The combination of relatively high User’s Accuracy and relatively low Producer’s Accuracy values for all but the largest wetland size class indicated that most overlay models had large errors of omission for smaller wetlands. This same result was previously seen in an earlier NCDWR study that examined accuracy of NWI data for NC (NCDWR 2021). For large wetlands (>1.0 ac), the inverse was true – results suggested that nearly all of the overlay models had high errors of commission for large wetlands.

Because wetland size is strongly related to ecoregion, these results based on size class confirm that NWI, as well as hydric soils, are very likely to significantly underestimate wetlands in the Piedmont and Blue Ridge ecoregions of North Carolina mainly due to the higher prevalence of smaller wetlands in these areas, and that NWI and soils maps may be poorly suited to any projects that require identification of features <1.0 ac. in size, even when these variables are used in combination.

Our results from a “complete” overlay resulted in a Producer’s Accuracy of 81%, though the overlay model also resulted in lower User’s Accuracy from of 25% for the Coastal Plain, suggesting that although more wetlands were correctly predicted, the nwi + hydric soils + depressions overlay model also resulted in over-prediction of wetlands.

 

Identifying NC Wetland Locations Through Machine Learning Methods (MaxEnt models)

Maximum entropy (MaxEnt) is a machine learning method often used in data science and artificial intelligence that automates complex statistical model building.  One very significant advantage of the MaxEnt approach is that it only requires presence data for model training, whereas almost all other modeling approaches require absence data as well. Absence data can be especially problematic for modeling species distributions since true absences are often difficult or impossible to identify, so this unique feature of MaxEnt has made this approach especially popular for habitat suitability modeling.

An initial complete model was run with input from 22 different statewide variables, which soil attributes (5), terrain derivatives (11), climate (3), vegetation (2), and NWI. A second model was then run (“minimal model”) after removal of covarying variables and variables with too many missing values. The final minimal model included hydric soils, vegetation community type, minimum temperature (30 year average; proxy for precipitation), elevation, sink depth, slope, topographic position index, and plan curvature (curvature perpendicular to slope), with the majority of the contributions to the model coming from the first five variables. Both models were run in a focus area, the Northern Outer Piedmont ecoregion, because of limitations on time resources available.

Both MaxEnt models resulted in very large increases in Producer’s Accuracy relative to NWI, suggesting that the MaxEnt models were capturing many more true wetlands in the landscape. General accuracy of all classifications by the minimal model were greater than NWI accuracy in all size classes.

Results showed that MaxEnt models as well as NWI showed inverse trends depending on the wetland size class, with under-prediction more prevalent in smaller features and over-prediction more prevalent in larger features. Both MaxEnt models, however, outperformed NWI in identifying smaller wetland features (<0.5 ac) based on both Producer’s Accuracy and User’s Accuracy.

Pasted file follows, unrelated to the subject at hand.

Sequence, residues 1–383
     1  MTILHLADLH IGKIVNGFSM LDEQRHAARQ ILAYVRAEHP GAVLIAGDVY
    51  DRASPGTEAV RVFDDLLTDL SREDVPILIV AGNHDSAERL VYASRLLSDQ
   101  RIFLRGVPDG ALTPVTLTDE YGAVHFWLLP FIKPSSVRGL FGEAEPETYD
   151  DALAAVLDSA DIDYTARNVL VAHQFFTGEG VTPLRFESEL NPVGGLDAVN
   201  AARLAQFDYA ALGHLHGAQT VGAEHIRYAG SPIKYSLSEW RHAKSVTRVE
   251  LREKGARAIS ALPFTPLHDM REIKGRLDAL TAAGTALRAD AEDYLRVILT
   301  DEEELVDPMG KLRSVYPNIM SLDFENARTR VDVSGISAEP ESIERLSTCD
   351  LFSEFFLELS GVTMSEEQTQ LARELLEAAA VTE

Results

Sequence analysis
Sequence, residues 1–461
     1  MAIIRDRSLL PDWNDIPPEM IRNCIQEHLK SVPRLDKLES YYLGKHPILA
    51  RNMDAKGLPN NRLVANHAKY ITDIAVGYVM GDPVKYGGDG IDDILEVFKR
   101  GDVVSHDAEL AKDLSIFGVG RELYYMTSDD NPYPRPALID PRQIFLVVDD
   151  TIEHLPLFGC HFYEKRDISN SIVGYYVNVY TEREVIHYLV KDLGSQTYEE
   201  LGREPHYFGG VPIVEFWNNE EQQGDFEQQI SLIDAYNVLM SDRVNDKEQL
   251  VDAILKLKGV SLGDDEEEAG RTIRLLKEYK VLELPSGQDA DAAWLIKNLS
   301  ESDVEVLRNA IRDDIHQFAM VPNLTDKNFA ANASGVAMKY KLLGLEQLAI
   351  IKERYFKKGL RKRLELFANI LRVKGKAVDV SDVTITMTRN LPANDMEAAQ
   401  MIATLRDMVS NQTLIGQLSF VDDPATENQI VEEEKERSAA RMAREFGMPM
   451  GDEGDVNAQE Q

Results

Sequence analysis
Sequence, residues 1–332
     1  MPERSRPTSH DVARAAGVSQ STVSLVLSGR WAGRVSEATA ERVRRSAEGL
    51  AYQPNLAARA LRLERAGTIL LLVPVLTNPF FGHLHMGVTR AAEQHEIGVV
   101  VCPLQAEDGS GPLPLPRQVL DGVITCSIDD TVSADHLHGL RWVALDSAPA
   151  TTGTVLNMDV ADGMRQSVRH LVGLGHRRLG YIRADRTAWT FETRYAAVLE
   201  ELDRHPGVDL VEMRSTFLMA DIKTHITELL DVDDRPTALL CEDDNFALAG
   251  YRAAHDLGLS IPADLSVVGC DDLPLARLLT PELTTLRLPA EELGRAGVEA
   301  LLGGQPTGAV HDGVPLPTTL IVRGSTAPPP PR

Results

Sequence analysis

Remote Identification Models Show Promise and Should be Tested Further

While results from this and other studies showed somewhat mixed results, there are indications that models developed to support automated remote identification of wetlands may be a more efficient and cost-effective method for developing more useful and current wetland maps for the state. There are a number of technical issues that could not be addressed in this project, such as spatially correlated model variables, modification of modeling parameters, and limitations with currently available geoprocessing tools. However, these preliminary results suggest that use of more “unbiased” data sources for modeling (such as DEMs) as compared to maps derived from outdated methods like manual photointerpretation may address some key weaknesses previously identified in the NWI, particularly the poor accuracy for wetlands <1.0 ac. in size. Furthermore, automated methods would be realistically repeatable on a regular basis, ensuring that available wetland maps more closely represent current conditions.

Next Steps

If funding is made available, the MaxEnt models should be run in other focus areas of the state to determine if different inputs are needed based on ecoregion to best predict wetland location. Additionally, in all focus areas, ground-truthing to verify the on-the-ground accuracy of model outputs is essential to further refine and train the models.

The need to pursue the worthwhile goal of current, accurate wetland maps has been expressed by private and public sectors alike for decades. Current wetland maps would create substantial cost savings for the regulated community, wetland regulators, NCDOT, researchers, and land managers.

References

Federal Geographic Data Committee (FGDC). 2009. “Wetlands Mapping Standard.” FGDC Wetlands Subcommittee. https://www.fgdc.gov/standards/projects/wetlands-mapping/2009-08%20FGDC%20Wetlands%20Mapping%20Standard_final.pdf

Martin, GI, Kirkman, LK, Hepinstall-Cymerman, J. 2012. “Mapping Geographically Isolated Wetlands in the Dougherty Plain, Georgia, USA.” Wetlands 32: 149-160.

NC Division of Water Resources (NCDWR). 2021. National Wetlands Inventory (NWI) Accuracy in North Carolina. NC Dept. of Environmental Quality, Raleigh, NC: NC Division of Water Resources. https://www.ncwetlands.org/project/nwi_accuracy/

O’Neil, GL, Goodall, JL, Watson, LT. 2018. “Evaluating the Potential for site-specific modification of LiDAR DEM derivatives to improve environmental planning-scale wetland identification using Random Forest classification.” Journal of Hydrology 559 (April): 192-208. https://doi.org/10.1016/j.jhydrol.2018.02.009.

Pfennigwerth, AA, Albritton, J, Evans, T. 2019. “Using Spatial Modeling to Improve Wetland Inventories in Great Smokies National Park.” Natural Resources Journal 39 (4): 482-488. https://boglearningnetwork.files.wordpress.com/2019/12/2019-pfenningwerth-et-al-using-spatial-modeling-to-improve-wetland-inventories-in-great-smoky-mountains-national-park.pdf.

Tiner, RW. 1997. “NWI Maps: What They Tell Us.” National Wetlands Newsletter (Environmental Law Institute) 19 (2). https://www.fws.gov/wetlands/Documents/NWI-Maps-What-They-Tell-Us.pdf

This work was funded by a USEPA Multipurpose Grant to North Carolina (AA-01D03020).